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You have proven that you have the skills to be a good engineer, but can you be a good manager too? In engineering, management positions require a blend of the technical skills you already have with soft skills, such as team communication, that you may be lacking. Your undergraduate degree prepared you for the first part of your career, but now it is time to prepare for your next step into a leadership role. Here are five steps to help you go from engineer to manager:

1. Identify the possible next steps for your career

There is usually more than one option available when it comes to advancing your career. This might be a promotion within the company you are already working with, a position with a new company, launching your own company, or a career change. Understanding your options and the pros and cons of each will help you to understand what path to pursue.

Start by looking at the company you are with. Are you happy there? If so, what advancement opportunities are available? Talk to your boss or hiring manager to see if there is an expected career progression they can see you going into. Not only will this help you identify what opportunities are available, it will also let your boss know that you are interested in growing with the company. Even if you are exploring options with your current company, look at positions within other companies in the same field you are in, as well as related fields, because it will help you see all of your options.

2. Determine which path may be the best fit for you

Just because a position is the obvious next step in your natural career path, it is not always the best one for you. Too many times, employees move into an engineering management position only to find that the position is not a fit for their strengths and interests. This leaves them frustrated and in a job where they find it hard to excel and be happy in.

Find people who are already in the positions that you are considering and ask them about their typical day. Read job descriptions and mark the responsibilities that you find interesting and the ones that you know you would hate. While no job will ever be completely without tasks you may not enjoy all of the time, you can still find a balance where you spend the majority of your day doing things you enjoy.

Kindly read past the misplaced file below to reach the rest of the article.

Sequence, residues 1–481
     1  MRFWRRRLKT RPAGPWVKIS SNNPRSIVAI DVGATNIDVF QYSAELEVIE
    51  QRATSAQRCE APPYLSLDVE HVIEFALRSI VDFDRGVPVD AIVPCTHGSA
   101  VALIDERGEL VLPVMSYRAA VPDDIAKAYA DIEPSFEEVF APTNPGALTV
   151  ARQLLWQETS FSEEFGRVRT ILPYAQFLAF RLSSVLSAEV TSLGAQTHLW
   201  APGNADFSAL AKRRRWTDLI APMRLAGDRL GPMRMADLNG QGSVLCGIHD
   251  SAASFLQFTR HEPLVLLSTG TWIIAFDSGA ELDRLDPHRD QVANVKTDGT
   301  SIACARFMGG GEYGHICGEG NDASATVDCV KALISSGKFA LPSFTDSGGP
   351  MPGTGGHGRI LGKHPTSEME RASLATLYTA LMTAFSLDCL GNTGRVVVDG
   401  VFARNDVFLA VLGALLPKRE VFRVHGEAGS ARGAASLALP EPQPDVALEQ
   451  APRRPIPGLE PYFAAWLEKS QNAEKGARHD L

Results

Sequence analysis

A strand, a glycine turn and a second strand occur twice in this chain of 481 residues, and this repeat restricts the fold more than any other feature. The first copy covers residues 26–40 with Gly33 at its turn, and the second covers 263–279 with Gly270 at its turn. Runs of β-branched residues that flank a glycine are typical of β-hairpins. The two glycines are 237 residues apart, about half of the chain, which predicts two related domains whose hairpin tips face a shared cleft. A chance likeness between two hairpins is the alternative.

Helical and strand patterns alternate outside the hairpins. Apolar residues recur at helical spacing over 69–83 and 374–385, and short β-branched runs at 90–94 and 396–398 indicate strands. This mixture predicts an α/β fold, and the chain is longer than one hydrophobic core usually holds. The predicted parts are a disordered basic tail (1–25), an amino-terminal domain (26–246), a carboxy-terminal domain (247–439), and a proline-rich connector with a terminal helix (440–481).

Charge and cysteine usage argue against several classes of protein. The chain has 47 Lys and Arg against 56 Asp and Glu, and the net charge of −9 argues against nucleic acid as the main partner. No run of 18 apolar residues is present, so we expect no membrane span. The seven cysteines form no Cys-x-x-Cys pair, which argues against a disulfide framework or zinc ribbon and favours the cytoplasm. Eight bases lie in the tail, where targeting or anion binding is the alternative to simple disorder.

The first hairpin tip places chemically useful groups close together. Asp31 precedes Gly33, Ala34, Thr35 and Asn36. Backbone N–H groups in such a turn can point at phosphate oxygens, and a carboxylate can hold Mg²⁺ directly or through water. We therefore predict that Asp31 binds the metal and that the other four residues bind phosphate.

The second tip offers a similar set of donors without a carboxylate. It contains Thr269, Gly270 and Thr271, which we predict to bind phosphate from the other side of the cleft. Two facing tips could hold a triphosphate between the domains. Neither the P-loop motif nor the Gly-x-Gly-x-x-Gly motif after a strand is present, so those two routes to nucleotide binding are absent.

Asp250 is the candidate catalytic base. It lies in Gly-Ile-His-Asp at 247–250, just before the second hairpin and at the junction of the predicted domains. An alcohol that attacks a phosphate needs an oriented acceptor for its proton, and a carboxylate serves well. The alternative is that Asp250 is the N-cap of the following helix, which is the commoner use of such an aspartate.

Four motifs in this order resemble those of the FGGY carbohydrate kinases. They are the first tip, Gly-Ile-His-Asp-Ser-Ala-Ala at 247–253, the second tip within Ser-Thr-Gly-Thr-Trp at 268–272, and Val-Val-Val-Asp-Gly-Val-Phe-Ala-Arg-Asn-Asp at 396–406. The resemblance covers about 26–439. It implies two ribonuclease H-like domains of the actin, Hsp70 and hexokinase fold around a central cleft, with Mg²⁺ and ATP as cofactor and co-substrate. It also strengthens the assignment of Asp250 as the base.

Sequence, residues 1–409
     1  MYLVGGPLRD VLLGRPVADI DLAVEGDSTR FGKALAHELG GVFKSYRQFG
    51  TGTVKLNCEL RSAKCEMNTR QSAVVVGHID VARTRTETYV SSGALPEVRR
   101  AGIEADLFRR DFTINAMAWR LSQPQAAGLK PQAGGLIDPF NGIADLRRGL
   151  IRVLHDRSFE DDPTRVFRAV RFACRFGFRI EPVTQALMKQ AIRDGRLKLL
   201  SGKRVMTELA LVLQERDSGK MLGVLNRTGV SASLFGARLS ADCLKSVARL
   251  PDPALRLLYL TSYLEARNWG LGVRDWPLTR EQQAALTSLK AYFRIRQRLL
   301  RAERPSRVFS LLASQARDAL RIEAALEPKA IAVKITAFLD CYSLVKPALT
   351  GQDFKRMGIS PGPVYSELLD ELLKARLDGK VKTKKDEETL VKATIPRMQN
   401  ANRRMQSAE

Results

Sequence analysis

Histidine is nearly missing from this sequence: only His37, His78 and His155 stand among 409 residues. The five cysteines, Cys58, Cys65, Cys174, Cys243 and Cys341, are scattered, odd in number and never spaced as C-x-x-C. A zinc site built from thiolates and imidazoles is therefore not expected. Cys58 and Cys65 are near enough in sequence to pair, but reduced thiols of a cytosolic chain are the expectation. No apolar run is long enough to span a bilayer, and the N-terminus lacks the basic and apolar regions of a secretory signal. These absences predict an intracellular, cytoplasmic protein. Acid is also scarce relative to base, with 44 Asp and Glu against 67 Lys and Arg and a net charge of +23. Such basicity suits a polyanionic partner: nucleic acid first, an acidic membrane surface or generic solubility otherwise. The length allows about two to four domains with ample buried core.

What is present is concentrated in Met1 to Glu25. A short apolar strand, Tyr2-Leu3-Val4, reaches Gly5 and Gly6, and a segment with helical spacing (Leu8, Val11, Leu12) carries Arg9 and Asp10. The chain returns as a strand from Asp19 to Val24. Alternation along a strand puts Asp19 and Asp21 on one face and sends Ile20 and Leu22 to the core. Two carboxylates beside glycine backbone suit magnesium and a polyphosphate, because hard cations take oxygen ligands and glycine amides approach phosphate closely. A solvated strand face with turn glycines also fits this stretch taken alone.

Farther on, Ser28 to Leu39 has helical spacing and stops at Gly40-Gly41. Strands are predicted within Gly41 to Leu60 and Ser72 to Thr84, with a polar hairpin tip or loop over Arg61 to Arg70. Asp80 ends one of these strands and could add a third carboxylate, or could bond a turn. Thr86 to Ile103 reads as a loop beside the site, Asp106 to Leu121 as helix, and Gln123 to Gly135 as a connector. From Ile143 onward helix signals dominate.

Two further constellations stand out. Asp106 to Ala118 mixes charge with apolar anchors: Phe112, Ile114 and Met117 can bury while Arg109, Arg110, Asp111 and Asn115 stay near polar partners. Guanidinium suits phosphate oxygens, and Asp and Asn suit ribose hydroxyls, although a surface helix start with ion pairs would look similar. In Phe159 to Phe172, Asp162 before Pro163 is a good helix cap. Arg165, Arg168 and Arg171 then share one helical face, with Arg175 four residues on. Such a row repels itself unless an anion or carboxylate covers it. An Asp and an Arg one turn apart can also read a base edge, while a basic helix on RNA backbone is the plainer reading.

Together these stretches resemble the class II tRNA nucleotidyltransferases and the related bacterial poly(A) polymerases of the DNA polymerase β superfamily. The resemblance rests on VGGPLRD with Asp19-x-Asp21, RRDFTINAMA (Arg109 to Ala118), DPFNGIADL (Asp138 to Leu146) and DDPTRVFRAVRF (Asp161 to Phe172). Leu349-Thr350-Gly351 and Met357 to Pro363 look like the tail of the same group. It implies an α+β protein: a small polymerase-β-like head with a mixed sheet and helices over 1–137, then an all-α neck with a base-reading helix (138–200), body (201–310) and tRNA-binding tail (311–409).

3. Figure out what you need

As you look start to find the positions that seem to be a fit for you, write down what technical and soft skills, education, and experience requirements are needed for the positions. Some positions may require or prefer certain certifications or a graduate degree. Many hiring managers will look for experience with business processes, such as Six Sigma, or demonstrated skills in the area of budgeting or team communication.

Keep in mind that your engineering technical skills will still have value in your next position. Like most things, business really is just a system and as an engineer, you already know how to make systems to work and how to improve them.

4. Create a plan to get you to the next step

Now that you know what career paths you want to pursue and what you are missing to qualify for these position, make a plan on how to get those missing skills, education, or experience requirements. Look at training opportunities, certifications, or a master’s degree to gain the missing skills and education requirements. Actively look for ways to show leadership and management qualities in your current position. Make goals for what you want to accomplish and set a timeline to help you stay motivated.

5. Develop your personal brand and become your best salesperson

As you work towards your goals, remember that you will be ultimately selling yourself to get this new position. Your newly developed skills, experience, and education are important for your degree, but being able to talk confidently about those things is just as important. Take some time to develop a personal brand statement that says who you are and what strengths you can offer to a company and a position. Practice sharing your story, including talking with people you consider mentors and people who can give you an unbiased opinion. As you become more comfortable with talking about your achievements, you will be better prepared to sell yourself in interviews, conversations with your current boss, and in networking situations.

We want to help you go from engineer to manager.

Having been in industry ourselves, we know firsthand what it is like to move from a technical position to a management one. It can be an overwhelming time and knowing where to start can be difficult. Even if you are not sure a master’s degree is the correct path, we would like to talk to you about your career goals and what you may need to accomplish these goals. Use the form on this page to schedule a time to talk or email us at This email address is being protected from spambots. You need JavaScript enabled to view it.. Let us help you find your path to an engineering management career.

About IEM

The Master of Engineering with a concentration in Information Engineering Management (IEM) at the University of Alabama at Birmingham (UAB) is a specialized concentration designed primarily for engineers and people in technical positions. The concentration presents business systems and soft skills in a curriculum that is based on actual engineering industry needs and is offered completely online.